- Are we actually being told, then, that the only way to prevent Iran from having nuclear bombs is to let it have them? If not now, in 10-15 years? And with intercontinental ballistic missiles that can reach the U.S.?
- Even supporters of the deal say that yes, at the ten year mark, Iran will be able to breakout and build a weapon’s worth of nuclear fuel in a year or less — in other words, have nuclear bombs.
- Iran has never come clean with the IAEA — or anyone else — about its nuclear activities. These were discovered not by IAEA inspectors but by the U.S. and allied law enforcement and intelligence services, as well as by dissident groups within Iran. Are we actually assuming that Iran, under this new deal, will now come clean?
- Thus under the July deal the U.S. may not (technically) know if Iran, after a breakout, has a nuclear weapon arsenal until Iran either tests a nuclear warhead or explodes it in an American or Israeli city. Then, of course, the discovery will be “too late” to do anything about, especially if the U.S. is helping Iran with technology assistance designed to prevent attacks on Iran’s nuclear sites.
- Having made so many concessions to a non-nuclear Iran, how tough in the future will we be, faced with a nuclear Iran?
Iran says its nuclear technology program is totally peaceful. In 31 other countries with peaceful nuclear programs, there are 438 nuclear power plants in operation, and in another 16 countries, 67 plants under construction.
Under the terms of the 1969 Nuclear Non-Proliferation Treaty, any nation adopting nuclear energy has to comply with International Atomic Energy Agency (IAEA) rules. Every one of these nearly 50 countries does. Iran does not.
For over two decades, in fact, Iran has flouted, bamboozled and cheated the IAEA.
What, then, does this pattern of behavior bode for the emerging nuclear deal with Iran?
Iran has never come clean with IAEA — or anyone else — about its nuclear activities — unlike the nearly 50 other nations that have, or are planning to have, nuclear energy.
Are we actually assuming that Iran, under this new deal, will now do so? And if it does not, are we actually assuming that we will now have access to suspicious Iranian activity simply by demanding to inspect such sites?
We are being told that access to Iranian sites where cheating has been, or might be, taking place, will be “managed.”
Iran will, of course, delay IAEA inspections to sanitize the suspected sites. It will also graciously allow China and Russia to help delay further inspections or enforcement action. And of course they can all graciously veto some UN Security Council action. After 24 days of forewarning and countless delay disputes, what will be left to inspect?
No worry, say deal supporters. If Iran breaks the terms of the deal or is uncooperative, sanctions can be “snapped back” in place.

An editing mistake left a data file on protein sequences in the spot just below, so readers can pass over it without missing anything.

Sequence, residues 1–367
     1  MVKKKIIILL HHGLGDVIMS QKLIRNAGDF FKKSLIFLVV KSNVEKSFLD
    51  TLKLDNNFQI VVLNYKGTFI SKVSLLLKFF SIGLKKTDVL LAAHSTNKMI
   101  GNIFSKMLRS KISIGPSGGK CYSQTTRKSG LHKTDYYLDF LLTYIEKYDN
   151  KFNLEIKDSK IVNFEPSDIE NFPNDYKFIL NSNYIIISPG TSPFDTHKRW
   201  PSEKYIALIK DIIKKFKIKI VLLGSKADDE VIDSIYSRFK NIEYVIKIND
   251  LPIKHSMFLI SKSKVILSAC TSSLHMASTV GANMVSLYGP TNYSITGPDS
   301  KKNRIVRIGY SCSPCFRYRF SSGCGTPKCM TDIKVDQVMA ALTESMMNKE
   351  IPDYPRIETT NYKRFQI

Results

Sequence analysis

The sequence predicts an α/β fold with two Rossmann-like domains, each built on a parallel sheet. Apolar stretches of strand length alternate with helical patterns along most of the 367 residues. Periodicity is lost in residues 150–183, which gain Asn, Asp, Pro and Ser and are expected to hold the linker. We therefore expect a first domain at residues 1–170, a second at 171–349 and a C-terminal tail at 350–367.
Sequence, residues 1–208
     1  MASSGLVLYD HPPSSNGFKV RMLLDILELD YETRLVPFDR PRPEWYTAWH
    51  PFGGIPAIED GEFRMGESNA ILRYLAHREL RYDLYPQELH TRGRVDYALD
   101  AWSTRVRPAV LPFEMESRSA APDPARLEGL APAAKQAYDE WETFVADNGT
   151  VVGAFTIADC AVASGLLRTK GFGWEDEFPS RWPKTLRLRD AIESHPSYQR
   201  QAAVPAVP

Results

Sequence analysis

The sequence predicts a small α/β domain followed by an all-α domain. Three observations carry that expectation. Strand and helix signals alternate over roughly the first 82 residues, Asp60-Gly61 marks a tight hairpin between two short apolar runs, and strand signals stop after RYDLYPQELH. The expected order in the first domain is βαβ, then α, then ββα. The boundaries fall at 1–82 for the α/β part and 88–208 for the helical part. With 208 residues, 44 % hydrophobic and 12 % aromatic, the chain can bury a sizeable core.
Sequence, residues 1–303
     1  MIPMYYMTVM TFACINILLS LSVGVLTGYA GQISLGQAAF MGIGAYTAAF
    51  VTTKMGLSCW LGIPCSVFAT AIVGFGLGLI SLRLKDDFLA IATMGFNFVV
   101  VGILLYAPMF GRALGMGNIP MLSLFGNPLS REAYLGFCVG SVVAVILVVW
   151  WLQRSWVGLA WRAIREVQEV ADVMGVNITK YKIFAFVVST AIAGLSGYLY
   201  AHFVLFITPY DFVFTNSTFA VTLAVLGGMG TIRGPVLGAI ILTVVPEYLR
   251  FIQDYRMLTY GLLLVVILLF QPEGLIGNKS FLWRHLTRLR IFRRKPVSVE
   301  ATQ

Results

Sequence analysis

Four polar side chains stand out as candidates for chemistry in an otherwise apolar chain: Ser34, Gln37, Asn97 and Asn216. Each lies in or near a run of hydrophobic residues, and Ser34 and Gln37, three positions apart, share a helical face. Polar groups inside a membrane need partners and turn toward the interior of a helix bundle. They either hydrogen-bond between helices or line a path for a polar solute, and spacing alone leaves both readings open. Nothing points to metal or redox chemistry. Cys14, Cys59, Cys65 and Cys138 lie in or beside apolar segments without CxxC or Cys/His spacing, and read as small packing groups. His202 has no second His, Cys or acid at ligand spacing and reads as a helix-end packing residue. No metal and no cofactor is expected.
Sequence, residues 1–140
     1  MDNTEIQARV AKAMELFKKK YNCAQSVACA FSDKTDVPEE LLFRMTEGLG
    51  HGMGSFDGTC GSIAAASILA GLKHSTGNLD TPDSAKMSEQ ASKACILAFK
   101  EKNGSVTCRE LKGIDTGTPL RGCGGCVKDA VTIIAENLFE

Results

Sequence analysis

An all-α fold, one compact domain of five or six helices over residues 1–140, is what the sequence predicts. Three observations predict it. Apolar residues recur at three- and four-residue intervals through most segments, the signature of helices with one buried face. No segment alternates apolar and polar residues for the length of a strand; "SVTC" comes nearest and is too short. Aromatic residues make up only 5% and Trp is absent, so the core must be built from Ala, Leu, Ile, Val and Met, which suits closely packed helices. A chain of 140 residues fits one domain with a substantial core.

Finally, at the end of the deal, presumably in ten years or so, will Iran have, or not have, the capability to build a nuclear weapon?
Even supporters of the deal say that yes, at the ten year mark, Iran will be able to breakout and build a weapon’s worth of nuclear fuel within a year or less — in other words, have nuclear bombs.
Are we actually being told, then, that the only way to prevent Iran from having nuclear bombs is to let it have them? If not now, in 10-15 years? And with intercontinental ballistic missiles that can reach the U.S.?
But, the deal’s advocates argue, the IAEA will be able detect such activity, and besides, the nature of the regime will have changed. They do not specify if this change will be for the better or for the worse.
It is important to remember Israel’s long-standing and repeated warnings that Iran was close to one year away from having a nuclear weapons capability. Now, even with a deal, Iran may be as close as three months away — just in time to negotiate still further arrangements until it can run out the clock.
Were the chemical redlines in Syria, for example, not enforced for fear of upsetting Iran?
Did the Obama administration not support Iranian people’s attempted “Green Revolution” in 2009-10 in order not to upset the mullahs?
Did the U.S. refuse to provide weapons to the Kurds in Iraq, with which to confront ISIS, because we did not want to upset the Iranian mullahs, whose agents control much of the Iraqi government?
Did the U.S. apologize for the supposed role of the U.S. in a 1953 Iranian coup — which never in fact occurred, as the Shah had the constitutional power to dismiss the prime minister — again not to upset the mullahs?
Did the U.S. allow India, Japan, Korea and China all to receive sanctions exemptions and import Iranian oil because it did not want to upset the mullahs? It looks suspiciously as if we made all these concessions to grease the diplomatic skids to get a deal. Those represented our “outstretched hand.”
But did these concessions succeed in preventing Iran from continuing to build its nuclear weapons capability? Not for a minute.
Full article: And When We Are Faced with a Nuclear Iran? (The Gatestone Institute)